Maggie Mugharbel, Jenny Korns, Sanam Aarabi
Our persona group is an art museum, which has a collection of more than fifty commissioned net art works that it is seeking to manage. In addition to the code and scripts that make up the artworks, the art museum is looking to describe related documentation, such as commission contracts and technical documents. On September 7, 2016, our group met with Majida (Maggie) Mugharbel, Permanent Collection Documentation Manager from the Whitney Museum of American Art. Maggie discussed what her job entails, what the Museum’s procedures are for commissioning art, and the way documenting the permanent collection differs from commissioned net art pieces. The discussion helped our group understand the real life management of commissioned net art in an art museum setting.
A Collection Documentation Manager at the Whitney Museum is responsible, in part, for research pertaining to new acquisitions, completing paperwork for the board of trustees, and ensuring documentation is consistent for different object types. Maggie also discussed net art commissioned for the Whitney Museum’s Artport project, which was created in 2001 by the Whitney Museums curator Christiane Paul. Paul determines which artists are awarded commissions. She also determines when to consult with conservation and preservation staff, and issues like browser obsolescence are of great concern. Maggie explained that the museum now has over eighty Artport projects. Nearly all net art featured are commissioned works under non-exclusive licensing; therefore, the Museum shares rights to these projects with the artists. The Artport website showcases commissioned net art works as well as one piece of net art that the museum owns in its permanent collection.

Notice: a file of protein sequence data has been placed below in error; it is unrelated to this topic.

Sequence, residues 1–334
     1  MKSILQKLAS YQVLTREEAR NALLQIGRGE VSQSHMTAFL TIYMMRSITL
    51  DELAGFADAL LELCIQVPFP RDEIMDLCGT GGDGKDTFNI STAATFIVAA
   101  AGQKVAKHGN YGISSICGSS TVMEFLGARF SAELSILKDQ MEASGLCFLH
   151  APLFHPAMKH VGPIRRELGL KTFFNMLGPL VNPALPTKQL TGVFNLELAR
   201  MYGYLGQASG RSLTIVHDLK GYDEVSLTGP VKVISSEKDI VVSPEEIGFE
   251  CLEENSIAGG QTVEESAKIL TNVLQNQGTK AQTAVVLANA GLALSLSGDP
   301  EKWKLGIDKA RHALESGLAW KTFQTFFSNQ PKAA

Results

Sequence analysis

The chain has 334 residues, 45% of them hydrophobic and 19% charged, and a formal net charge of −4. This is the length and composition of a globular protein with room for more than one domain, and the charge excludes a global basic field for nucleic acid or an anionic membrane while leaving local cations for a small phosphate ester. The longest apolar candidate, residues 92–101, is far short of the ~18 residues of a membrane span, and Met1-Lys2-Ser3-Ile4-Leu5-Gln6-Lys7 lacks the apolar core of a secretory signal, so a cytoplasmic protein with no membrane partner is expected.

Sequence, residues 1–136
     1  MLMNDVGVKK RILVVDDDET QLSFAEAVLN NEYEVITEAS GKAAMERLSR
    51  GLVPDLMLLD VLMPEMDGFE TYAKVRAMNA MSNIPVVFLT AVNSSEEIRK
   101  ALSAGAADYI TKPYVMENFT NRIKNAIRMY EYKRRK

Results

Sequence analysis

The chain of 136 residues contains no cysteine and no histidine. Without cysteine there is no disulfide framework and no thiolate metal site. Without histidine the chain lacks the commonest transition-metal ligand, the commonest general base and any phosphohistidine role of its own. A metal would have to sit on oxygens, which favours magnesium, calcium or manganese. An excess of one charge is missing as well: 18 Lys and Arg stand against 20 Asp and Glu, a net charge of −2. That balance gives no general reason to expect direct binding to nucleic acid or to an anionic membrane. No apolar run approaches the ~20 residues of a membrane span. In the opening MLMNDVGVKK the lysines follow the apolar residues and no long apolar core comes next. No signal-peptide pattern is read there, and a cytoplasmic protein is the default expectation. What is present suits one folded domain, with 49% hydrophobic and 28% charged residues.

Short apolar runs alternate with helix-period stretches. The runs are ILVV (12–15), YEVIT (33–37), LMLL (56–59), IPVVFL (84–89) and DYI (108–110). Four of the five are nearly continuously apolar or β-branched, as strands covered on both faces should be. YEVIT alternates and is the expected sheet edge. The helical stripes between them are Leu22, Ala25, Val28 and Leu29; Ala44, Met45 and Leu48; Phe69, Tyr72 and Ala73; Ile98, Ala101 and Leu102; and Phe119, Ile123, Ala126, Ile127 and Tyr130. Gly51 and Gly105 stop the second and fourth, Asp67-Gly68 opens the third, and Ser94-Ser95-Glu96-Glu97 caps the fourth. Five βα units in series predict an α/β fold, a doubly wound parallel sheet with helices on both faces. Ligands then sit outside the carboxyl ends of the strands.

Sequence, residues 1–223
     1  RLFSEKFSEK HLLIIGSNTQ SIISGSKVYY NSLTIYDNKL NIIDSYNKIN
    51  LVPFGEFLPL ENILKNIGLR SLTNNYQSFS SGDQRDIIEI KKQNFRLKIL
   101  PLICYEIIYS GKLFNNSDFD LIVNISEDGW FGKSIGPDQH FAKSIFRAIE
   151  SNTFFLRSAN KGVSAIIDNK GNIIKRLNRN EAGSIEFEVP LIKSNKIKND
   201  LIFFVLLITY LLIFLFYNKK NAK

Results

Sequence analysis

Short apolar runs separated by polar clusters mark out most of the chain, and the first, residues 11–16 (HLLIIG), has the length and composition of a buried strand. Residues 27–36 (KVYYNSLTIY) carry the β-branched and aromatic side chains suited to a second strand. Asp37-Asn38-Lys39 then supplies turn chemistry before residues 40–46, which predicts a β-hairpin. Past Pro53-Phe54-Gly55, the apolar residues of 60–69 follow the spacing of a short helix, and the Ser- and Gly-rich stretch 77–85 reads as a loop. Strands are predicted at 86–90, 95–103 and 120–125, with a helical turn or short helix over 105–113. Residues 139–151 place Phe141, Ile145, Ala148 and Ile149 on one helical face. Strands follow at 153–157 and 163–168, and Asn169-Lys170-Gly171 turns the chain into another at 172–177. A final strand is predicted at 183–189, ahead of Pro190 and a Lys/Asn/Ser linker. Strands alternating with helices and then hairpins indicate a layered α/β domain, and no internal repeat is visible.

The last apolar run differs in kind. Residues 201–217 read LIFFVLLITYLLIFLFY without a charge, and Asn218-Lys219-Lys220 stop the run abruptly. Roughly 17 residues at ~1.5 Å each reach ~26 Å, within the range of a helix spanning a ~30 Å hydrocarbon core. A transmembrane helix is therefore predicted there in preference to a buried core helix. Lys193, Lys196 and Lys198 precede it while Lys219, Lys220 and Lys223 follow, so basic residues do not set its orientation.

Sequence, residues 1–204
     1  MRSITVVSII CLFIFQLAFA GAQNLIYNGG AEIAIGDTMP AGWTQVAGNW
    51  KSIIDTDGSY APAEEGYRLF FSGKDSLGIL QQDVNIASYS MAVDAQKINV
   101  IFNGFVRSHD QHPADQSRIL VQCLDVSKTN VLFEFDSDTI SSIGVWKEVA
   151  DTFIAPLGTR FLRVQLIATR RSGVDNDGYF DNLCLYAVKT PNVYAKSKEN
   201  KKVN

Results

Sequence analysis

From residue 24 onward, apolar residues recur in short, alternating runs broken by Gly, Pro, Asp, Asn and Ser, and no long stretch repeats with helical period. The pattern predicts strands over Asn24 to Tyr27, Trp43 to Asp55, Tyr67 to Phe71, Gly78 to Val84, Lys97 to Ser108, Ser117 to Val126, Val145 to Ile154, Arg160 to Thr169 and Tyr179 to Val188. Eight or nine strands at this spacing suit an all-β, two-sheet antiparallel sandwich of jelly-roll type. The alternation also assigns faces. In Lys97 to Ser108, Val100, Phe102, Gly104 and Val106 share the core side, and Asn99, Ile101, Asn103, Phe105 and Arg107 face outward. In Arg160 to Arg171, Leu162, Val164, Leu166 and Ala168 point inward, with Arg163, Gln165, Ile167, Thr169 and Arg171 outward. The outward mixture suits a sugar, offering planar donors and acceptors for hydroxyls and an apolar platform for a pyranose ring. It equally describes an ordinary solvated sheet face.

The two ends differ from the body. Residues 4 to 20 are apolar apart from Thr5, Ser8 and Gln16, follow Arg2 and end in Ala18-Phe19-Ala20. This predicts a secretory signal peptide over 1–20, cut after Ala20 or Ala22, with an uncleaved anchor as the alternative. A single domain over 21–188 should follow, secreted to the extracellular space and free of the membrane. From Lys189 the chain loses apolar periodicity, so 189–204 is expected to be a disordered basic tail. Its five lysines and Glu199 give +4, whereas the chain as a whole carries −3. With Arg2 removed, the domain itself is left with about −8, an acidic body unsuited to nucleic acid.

As Maggie pointed out, permanent collection pieces have defined rules of documentation and cataloging, which is not the case with Artport works. Maggie stressed that they still need to work out a process for making the cataloging of these works more consistent. For instance, some works have records in their TMS database and some others might only have hard copy records. For works in the permanent collection, individual records are created for each work in the database and a hard copy file also exists. Maggie also noted medium and dimension pixels as examples of cataloging inconsistencies. While LIDO is used for documentation guidelines, there are not as many fields used for net art works as for items from the permanent collection.
Maggie discussed the different types of documentation associated with net art works, including commission agreements, non-exclusive license agreements, and technical documents, such as instructions. Works in their permanent collection are documented through a number of different questionnaires, such as an object questionnaire, conservation questionnaire, and artist questionnaire. A questionnaire regarding the artist’s motivations would be helpful in documenting net art commissions.
The conversation with Maggie was very informative, and she was more than generous with her time. Some particularly informative moments came when she posed questions to us that she and the museum staff have deliberated. Topics like where the works should live in the database and whether it would acceptable to display net art in a museum environment gave us much to consider.
– Jenny Korns, Sanam Aarabi